2014 holds much promise for those of us keeping an eye out. New records are on the way from Kitchener dirtbags Saigon Hookers, hard-core punk-metal dudes Exalt, and singer-songwriter Lynn Jackson … as well as Kitchener's own all-star team, Romeo Sex Fighter, whose tangible release is perpetually pending and long-anticipated. In the meantime, 2013 has given our ears much to enjoy. - The Record

"A new Dawn for Sexdwarf"

Don’t let their name and song titles fool you, this local band is trying to make a serious statement with its debut CD

Busted Flat Records’ psych-rockers Sexdwarf, have been awfully quiet of late. Save for the occasional backing gig with labelmate Lynn Jackson, or Scottish pop-rock legend Norman Blake, Sexdwarf have scarcely been on stage for the last couple years. The official reason is that they’ve been finishing their long overdue debut record Sexdwarf Has Disappeared Into The Mystic Dawn, but these schooled rock-lifers know that a little cultivated mystique can go a long way.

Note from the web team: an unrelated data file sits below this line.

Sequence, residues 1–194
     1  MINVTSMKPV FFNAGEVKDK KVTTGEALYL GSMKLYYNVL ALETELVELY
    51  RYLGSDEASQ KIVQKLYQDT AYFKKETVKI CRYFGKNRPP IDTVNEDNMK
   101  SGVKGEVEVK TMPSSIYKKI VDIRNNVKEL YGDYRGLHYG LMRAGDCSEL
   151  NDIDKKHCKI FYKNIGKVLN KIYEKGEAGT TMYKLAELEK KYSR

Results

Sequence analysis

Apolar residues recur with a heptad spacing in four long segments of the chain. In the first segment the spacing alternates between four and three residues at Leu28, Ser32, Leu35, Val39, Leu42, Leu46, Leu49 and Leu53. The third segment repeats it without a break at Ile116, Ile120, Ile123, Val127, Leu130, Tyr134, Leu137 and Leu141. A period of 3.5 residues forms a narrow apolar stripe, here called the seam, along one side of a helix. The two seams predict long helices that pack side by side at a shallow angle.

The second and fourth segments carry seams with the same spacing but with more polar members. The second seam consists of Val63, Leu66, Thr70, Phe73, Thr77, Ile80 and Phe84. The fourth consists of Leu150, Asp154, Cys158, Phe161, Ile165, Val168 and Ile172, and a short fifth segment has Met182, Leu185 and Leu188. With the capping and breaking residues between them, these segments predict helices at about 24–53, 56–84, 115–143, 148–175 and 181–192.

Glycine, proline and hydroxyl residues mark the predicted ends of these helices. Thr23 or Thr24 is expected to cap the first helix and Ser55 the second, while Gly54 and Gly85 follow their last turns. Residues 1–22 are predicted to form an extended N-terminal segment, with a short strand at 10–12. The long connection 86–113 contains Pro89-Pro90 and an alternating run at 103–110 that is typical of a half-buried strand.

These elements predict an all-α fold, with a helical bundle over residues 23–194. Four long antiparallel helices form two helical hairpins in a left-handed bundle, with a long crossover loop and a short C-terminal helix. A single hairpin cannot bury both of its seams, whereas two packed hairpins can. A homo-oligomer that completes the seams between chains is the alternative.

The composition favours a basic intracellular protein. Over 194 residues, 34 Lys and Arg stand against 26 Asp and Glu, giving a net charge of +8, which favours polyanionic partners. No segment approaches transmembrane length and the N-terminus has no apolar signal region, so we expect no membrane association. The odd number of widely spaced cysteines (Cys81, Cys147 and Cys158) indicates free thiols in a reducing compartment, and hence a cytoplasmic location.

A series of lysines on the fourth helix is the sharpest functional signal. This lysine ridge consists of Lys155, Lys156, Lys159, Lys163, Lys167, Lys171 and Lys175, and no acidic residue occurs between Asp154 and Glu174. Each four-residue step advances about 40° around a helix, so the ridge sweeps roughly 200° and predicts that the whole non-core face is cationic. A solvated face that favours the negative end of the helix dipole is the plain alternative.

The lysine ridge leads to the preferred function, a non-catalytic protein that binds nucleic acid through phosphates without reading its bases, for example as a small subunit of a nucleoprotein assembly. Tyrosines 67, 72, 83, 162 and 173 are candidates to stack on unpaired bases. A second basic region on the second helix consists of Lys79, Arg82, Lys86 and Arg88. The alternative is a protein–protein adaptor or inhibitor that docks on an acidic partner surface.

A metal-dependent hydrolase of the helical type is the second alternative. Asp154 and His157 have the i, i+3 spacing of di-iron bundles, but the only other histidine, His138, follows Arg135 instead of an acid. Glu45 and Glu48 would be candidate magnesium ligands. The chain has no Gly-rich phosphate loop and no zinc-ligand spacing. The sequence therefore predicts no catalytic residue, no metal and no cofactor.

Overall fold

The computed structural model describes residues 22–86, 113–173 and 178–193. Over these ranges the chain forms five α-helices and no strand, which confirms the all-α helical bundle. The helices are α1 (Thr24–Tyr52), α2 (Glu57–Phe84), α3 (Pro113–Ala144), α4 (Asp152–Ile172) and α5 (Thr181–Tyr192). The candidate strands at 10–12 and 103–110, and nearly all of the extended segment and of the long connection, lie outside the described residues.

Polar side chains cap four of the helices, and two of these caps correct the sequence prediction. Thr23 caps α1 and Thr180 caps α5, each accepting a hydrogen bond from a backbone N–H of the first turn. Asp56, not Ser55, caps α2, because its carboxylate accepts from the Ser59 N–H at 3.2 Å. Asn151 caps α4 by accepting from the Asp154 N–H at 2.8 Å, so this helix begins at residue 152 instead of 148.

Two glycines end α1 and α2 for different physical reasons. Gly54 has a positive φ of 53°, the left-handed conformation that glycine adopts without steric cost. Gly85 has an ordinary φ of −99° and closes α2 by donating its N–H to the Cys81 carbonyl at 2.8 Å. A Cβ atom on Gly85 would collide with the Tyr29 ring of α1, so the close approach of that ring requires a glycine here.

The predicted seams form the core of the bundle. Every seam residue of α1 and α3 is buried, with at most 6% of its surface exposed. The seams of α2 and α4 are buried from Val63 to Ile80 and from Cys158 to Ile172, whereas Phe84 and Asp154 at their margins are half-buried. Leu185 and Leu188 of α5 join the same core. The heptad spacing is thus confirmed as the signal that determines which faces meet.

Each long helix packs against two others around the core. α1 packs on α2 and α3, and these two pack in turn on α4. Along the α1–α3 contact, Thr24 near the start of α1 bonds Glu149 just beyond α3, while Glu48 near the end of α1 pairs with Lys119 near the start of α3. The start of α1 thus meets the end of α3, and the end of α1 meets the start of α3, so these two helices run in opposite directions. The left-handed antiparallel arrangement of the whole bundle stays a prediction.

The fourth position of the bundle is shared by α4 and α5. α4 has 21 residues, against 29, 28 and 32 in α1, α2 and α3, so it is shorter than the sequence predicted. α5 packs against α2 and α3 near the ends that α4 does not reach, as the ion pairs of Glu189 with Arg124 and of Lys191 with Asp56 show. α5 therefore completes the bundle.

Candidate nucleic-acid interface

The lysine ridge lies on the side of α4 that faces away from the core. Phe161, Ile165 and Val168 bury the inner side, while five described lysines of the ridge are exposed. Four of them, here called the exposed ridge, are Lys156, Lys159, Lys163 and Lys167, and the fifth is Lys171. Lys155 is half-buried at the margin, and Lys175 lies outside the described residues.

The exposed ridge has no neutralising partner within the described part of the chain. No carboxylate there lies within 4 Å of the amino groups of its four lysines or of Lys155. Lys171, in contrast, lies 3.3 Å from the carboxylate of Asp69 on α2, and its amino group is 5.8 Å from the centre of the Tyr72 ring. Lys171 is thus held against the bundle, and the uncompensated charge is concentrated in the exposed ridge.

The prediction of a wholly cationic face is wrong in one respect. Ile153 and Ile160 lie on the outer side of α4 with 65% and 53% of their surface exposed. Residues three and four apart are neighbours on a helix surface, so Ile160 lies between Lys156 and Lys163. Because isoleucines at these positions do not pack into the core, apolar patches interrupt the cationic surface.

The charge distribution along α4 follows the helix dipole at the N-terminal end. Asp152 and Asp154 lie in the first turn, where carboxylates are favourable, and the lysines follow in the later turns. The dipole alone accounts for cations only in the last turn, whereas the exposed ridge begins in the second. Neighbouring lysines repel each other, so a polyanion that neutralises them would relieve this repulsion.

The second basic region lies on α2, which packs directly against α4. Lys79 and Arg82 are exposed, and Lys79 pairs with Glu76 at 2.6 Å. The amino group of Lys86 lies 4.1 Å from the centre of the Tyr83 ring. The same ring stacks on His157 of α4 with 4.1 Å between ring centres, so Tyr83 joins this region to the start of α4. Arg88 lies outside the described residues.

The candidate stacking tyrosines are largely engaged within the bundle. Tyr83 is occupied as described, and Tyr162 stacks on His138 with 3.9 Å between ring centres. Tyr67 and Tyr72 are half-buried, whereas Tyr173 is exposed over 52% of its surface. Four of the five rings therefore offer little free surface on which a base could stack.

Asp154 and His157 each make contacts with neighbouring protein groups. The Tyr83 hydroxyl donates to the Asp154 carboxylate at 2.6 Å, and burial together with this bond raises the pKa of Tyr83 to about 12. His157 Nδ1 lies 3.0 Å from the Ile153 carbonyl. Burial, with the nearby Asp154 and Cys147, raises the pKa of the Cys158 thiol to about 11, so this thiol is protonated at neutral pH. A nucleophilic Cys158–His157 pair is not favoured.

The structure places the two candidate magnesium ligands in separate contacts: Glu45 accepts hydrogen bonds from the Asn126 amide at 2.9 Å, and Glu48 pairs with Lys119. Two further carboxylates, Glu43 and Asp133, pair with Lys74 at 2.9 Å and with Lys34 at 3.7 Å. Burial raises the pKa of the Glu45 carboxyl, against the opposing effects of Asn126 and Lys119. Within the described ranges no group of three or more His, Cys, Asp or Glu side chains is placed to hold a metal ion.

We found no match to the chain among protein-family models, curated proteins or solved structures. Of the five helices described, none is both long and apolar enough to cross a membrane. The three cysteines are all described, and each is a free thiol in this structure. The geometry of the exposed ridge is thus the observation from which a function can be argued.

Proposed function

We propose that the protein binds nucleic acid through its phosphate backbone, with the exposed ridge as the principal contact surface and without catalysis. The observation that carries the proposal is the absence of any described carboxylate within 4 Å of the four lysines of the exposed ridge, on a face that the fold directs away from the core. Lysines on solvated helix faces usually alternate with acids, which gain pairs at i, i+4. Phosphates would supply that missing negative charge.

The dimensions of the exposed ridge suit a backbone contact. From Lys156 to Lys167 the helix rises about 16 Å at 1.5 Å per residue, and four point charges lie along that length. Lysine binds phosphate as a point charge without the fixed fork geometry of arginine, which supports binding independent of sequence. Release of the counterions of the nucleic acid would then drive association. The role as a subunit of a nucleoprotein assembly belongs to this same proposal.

“It’s totally the Black Metal thing,” singer-guitarist Chris Boyne told me. “The less people know about you, the better you are. Really we never thought about it; we just worked on this until we were done working on it.”

“And now we have giant welts on our heads from bashing them against the wall for five years,” bassist Jake Stallard added.

Four-plus years holed up in a studio trying to piece together a coherent statement from reams of digital files, take upon take, and the encroaching paranoia that maybe none of this makes any sense, will take its toll.